Worthen claimed in the last sentence that "Driscoll’s New Calvinism underscores a curious fact: the doctrine of total human depravity has always had a funny way of emboldening, rather than humbling, its adherents." Before touching on the issue of Calvinism, I would like to submit that Driscoll's "New Calvinism" is not true Calvinism or Reformed at all. It may be Calvinism in the TULIP soteriological aspect, but what kind of Christianity is it that is so comfortable with the world such that worldliness enters the church with inappropriate R-rated public discussions on private issues such as s-x, and even homosexual-style s-x! As it is, Driscoll's words and actions especially in the capacity of a pastor drags the Lord's name through the mud with such unbiblical and repugnant behavior.

Phil Johnson chooses to focus on the Calvinism aspect especially in the last statement written by Worthen. I agree with Mark here that such seems to be "airing dirty laundry" in public. In this effeminate post-modern age, any form of confidence and certainty in the truth would surely be thought of as pride and arrogance by the "loving" and "tolerant" crowd (both within and without the visible Church btw). Those who like to talk about the "proper", "civilized" and "Christian" manner of discourse ought to peruse the Scriptures and Church History to see what true Christian discourse on such matters have been like before even utilizing the word "arrogance".

Back to the statement. Calvinism, contrary to Worthen's claim, does not embolden Christians. Rather, it is Christ that emboldens Christians. Like the prophets and believers of old, Christians today are emboldened to speak the truth with confidence and certainty because Christ is personally real to them. Those who know Christ will be changed by Him, and part of that lies in the confidence and certainty of the truth in Him. Being something that is at its root spiritual, it cannot be discerned by unbelievers though they can grasp it cognitively. Yet such is foolishness to them because they know not Christ nor have His Holy Spirit (1 Cor. 2:14).

With regards to the statement as it is applied to Driscoll and Mars Hill Church, I think Steve Camp's statement here hits the nail on the head

Boldness for the gospel comes from the crucible of humility; and is not marked by the obscene and frivolous, but by what is reverent, holy, and Christ-exalting. Even in Seattle.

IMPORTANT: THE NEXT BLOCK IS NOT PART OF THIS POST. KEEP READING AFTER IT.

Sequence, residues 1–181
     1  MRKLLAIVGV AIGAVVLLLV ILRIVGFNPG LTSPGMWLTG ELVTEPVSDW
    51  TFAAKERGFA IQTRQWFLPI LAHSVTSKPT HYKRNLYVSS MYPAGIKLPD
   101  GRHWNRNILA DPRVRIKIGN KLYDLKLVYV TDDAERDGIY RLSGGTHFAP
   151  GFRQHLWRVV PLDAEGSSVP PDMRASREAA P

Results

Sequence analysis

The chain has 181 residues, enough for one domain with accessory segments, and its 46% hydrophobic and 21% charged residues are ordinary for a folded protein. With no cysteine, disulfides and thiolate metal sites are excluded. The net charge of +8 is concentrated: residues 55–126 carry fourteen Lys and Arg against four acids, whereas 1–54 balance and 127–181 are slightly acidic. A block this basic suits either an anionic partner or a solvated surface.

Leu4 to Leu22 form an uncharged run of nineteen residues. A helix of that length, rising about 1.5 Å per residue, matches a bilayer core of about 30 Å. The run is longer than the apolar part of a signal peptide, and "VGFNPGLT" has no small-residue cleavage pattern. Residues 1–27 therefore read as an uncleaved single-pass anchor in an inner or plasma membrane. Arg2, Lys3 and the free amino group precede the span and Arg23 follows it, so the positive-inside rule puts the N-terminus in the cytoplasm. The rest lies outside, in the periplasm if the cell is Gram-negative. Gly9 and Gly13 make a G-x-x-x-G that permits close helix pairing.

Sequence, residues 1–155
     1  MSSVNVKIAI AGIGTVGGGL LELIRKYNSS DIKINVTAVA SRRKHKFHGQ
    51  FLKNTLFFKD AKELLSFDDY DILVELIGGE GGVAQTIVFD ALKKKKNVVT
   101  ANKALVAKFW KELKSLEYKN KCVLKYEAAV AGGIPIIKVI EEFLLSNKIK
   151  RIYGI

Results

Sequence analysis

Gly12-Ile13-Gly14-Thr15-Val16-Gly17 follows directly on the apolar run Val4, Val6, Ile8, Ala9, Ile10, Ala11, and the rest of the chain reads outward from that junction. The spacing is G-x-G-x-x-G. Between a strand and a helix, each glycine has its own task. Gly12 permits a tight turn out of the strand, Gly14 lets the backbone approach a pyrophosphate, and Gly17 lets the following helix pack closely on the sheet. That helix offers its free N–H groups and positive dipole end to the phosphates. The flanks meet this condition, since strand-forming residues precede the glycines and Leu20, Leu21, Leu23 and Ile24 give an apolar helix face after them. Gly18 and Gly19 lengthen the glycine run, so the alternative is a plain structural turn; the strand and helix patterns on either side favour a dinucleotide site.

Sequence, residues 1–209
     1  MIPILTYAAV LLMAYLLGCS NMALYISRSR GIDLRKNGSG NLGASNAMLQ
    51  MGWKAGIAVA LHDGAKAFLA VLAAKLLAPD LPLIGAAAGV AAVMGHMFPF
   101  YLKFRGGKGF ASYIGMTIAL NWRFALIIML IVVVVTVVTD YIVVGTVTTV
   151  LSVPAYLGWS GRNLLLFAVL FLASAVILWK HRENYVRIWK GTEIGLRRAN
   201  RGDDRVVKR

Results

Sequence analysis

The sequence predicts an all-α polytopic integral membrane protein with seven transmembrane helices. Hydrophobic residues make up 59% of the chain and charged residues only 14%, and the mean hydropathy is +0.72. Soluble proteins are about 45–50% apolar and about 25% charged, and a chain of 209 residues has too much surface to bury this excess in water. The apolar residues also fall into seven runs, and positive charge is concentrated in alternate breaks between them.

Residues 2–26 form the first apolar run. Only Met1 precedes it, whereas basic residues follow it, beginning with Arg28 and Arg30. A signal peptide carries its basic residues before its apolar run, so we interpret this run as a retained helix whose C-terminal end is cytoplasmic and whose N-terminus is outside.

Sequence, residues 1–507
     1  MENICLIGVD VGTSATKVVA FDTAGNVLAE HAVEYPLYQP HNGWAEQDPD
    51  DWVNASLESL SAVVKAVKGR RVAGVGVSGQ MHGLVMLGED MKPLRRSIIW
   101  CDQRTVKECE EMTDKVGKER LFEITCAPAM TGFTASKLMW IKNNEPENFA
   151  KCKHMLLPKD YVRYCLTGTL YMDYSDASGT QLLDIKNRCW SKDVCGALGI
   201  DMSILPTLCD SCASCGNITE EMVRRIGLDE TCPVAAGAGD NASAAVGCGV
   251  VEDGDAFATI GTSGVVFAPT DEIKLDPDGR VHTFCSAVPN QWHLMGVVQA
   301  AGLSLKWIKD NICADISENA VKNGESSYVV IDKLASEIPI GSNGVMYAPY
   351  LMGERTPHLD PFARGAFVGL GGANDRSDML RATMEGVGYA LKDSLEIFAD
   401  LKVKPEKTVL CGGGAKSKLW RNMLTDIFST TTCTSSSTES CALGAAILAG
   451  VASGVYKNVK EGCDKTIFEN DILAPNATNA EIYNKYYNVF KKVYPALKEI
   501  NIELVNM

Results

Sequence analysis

Amen.

For more, see this article Grunge Christianity? by Pastor John MacArthur

3 comments:

rick said...

I completely agree that Driscoll's speech can be unnecessarily crass and I agree with you that masculinity doesn't have equate to foul language - in fact, it should be the opposite, only one trying to impress, intimidate, etc. speaks that way.

On the other hand, I'd like to focus on the "under 17" and "question 21" point. Personally, I don't find these crass. It seems Driscoll used straight forward language and avoided being foul. Personally, I think he should receive positive reviews for creating an open, interactive environment. If we cannot discuss life issues with other believers than I think we are in sad shape.

My concern here however is how in the world could sex, of any form, with ones wife be the foremost thought on a person's mind while in the gathered assembly??? It seems a declaration of praise to our Lord would have been more prominent. Or perhaps even a Scriptural point to bring worship. Or ...

I like the openness but I'm not impressed with what is on their mind.

PuritanReformed said...

Rick:

Yes, such life issues should be discussed. But does it have to discussed openly to such an extent? Generally, such things should have been discussed in private per-marital and marital counseling, in single-sex youth retreats etc, which is to say more privately. I don't see the need to ape the world in parading what is private for all the world to see (like sharing with the world how many times any couple have sex per week etc.).

rick said...

Agreed - I don't see the point of this conversation in that larger setting. I just didn't see it as aping the world. Either way, one would think a large gathering of believers would have higher things to discuss.

:-)